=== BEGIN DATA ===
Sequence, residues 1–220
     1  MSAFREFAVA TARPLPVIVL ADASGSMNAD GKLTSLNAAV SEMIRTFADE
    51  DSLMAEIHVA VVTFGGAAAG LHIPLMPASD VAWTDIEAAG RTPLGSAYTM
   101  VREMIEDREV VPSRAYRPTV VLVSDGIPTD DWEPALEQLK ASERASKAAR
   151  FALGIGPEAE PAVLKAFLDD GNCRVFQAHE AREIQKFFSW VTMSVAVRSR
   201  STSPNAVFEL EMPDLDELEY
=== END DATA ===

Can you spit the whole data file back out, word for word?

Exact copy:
Sequence, residues 1–220
     1  MSAFREFAVA TARPLPVIVL ADASGSMNAD GKLTSLNAAV SEMIRTFADE
    51  DSLMAEIHVA VVTFGGAAAG LHIPLMPASD VAWTDIEAAG RTPLGSAYTM
   101  VREMIEDREV VPSRAYRPTV VLVSDGIPTD DWEPALEQLK ASERASKAAR
   151  FALGIGPEAE PAVLKAFLDD GNCRVFQAHE AREIQKFFSW VTMSVAVRSR
   201  STSPNAVFEL EMPDLDELEY